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The 3 best minerals for the immune system

Do you know which three minerals best support normal immune system function, according to the European Food Safety Authority (EFSA)? Discover how these minerals work and which foods contain them.


Selenium is a trace-element the name of which is taken from the Greek word for ‘moon’, selene, (in a similar way to the closely-related element tellurium, which gets its name from the Latin for ‘earth’, tellus). This essential micronutrient helps maintain healthy hair and nails, normal thyroid function, etc.

Selenium and immunity

Selenium is also known for the role it plays in the body’s immune responses, particularly through its incorporation into selenoproteins (1). It is thus considered by the EFSA to support normal immune system function (2).

Which foods are rich in selenium?

The best dietary sources of selenium are herring, canned tuna, seafood, pork chops, offal, dehydrated Brazil nuts … You can also take a selenium supplement, the most bioavailable form being L-selenomethionine (such as in the product L-Selenomethionine).


Iron is a very important trace-element , a component of both hemoglobin in red blood cells, and myoglobin in muscles (both of which are essential proteins for the oxygenation of cells). There are two forms of iron: haem and non-haem iron. This mineral plays a role in reducing fatigue, and in ensuring both normal energy metabolism and normal cognitive function ...

Iron and immunity

We also know that iron affects immunity(3). When iron metabolism is disrupted, for example, it is known to have an impact on the body’s natural defenses. Thus according to the EFSA, iron supports normal immune system function (4).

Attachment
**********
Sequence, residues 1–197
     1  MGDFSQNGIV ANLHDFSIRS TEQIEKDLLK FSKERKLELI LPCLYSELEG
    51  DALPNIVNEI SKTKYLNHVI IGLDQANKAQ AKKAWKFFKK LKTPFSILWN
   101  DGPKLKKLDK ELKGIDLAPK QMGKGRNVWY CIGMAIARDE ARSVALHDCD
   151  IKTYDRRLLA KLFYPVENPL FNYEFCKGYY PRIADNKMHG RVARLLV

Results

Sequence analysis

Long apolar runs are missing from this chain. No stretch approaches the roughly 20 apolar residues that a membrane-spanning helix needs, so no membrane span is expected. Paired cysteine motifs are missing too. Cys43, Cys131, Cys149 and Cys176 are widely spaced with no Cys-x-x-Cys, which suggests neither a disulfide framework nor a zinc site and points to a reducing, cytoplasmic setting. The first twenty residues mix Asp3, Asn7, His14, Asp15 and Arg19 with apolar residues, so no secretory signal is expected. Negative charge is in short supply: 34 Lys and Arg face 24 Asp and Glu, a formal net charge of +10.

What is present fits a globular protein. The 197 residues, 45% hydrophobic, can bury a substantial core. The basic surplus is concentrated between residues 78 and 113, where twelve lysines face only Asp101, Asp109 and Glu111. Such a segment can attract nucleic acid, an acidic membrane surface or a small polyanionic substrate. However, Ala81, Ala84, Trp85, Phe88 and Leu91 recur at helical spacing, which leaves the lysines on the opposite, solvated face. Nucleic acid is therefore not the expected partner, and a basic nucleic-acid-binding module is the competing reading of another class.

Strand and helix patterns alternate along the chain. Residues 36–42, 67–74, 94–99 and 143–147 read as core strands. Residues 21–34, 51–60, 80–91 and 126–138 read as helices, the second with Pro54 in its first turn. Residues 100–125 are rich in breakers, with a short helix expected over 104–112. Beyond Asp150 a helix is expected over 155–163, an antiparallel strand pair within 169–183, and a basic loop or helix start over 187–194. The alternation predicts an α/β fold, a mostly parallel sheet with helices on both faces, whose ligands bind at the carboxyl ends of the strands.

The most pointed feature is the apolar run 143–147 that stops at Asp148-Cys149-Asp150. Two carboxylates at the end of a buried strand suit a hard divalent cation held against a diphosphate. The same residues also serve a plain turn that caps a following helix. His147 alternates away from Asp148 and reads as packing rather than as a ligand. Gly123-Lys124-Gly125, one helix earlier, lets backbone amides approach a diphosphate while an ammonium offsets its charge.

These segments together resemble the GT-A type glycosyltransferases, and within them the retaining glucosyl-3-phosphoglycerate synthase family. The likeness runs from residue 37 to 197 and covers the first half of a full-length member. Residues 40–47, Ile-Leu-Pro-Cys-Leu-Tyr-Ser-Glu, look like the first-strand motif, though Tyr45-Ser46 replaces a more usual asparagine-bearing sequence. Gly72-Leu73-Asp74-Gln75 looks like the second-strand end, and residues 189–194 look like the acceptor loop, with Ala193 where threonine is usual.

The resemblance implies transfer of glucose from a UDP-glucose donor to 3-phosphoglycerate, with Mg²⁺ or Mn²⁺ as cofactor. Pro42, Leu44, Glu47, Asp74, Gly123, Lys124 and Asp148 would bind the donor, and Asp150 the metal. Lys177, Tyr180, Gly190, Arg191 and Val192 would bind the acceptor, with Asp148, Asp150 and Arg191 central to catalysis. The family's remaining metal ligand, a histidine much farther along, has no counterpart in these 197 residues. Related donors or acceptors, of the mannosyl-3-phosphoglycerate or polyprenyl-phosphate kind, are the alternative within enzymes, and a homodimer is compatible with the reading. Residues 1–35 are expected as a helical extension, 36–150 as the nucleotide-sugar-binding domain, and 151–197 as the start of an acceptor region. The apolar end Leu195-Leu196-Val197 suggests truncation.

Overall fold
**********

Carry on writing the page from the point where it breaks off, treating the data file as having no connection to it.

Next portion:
Which foods are rich in iron?

Absorption of non-haem iron from the diet is only around 5%. It is found in legumes, tofu, eggs,, dairy products ... Haem iron on the other hand, is absorbed considerably better by the body (25%-50%) and is thus much more beneficial. It is found in animal-source products only: black pudding (or sausage), lamb’s kidneys, chicken livers, braised beef … If you’re lacking in iron, you can also take an iron supplement, such as Iron Bisglycinate.

However, before starting to supplement with iron, it’s important to consult a health professional for confirmation that you are indeed iron-deficient.


Zinc is a trace-element required for the activity of more than 200 enzymes in the body. It is primarily concentrated in muscles and bones. It plays a role in the normal synthesis of DNA and proteins, and in maintaining healthy skin, hair, nails and bones, as well as in protecting cells against oxidative stress ...

Zinc and immunity

Zinc also plays a key role in immunity. For example, zinc ions are involved in regulating intracellular signaling pathways within innate and adaptive immune cells (5). So, as the EFSA confirms, zinc is a mineral that supports normal immune system function (6).

Which foods are rich in zinc?

Oysters, calves’ liver, wholemeal bread, pecan nuts and dried figs are all rich in zinc. You can also supplement with zinc orotate, a form of zinc bound to an organic substance which enables it to pass freely into the bloodstream. Zinc orotate is thus significantly better absorbed than other forms of the mineral (choose, for example, the product Zinc Orotate).

To obtain the benefits not only of different minerals, but also vitamins that support normal immune system function, you could take a multivitamin supplement. Good options, for example, include the multivitamins Daily 3® (taken 3 times a day) or Daily 1® (just once a day), both of which are packed with minerals and vitamins.


  1. Avery JC, Hoffmann PR. Selenium, Selenoproteins, and Immunity. Nutrients. 2018;10(9):1203. Published 2018 Sep 1. doi:10.3390/nu10091203
  2. https://www.efsa.europa.eu/fr/efsajournal/pub/1727
  3. Cherayil BJ. Iron and immunity: immunological consequences of iron deficiency and overload. Arch Immunol Ther Exp (Warsz). 2010;58(6):407-415. doi:10.1007/s00005-010-0095-9
  4. https://www.efsa.europa.eu/en/efsajournal/pub/1215
  5. Wessels I, Maywald M, Rink L. Zinc as a Gatekeeper of Immune Function. Nutrients. 2017;9(12):1286. Published 2017 Nov 25. doi:10.3390/nu9121286
  6. https://www.efsa.europa.eu/en/efsajournal/pub/1229


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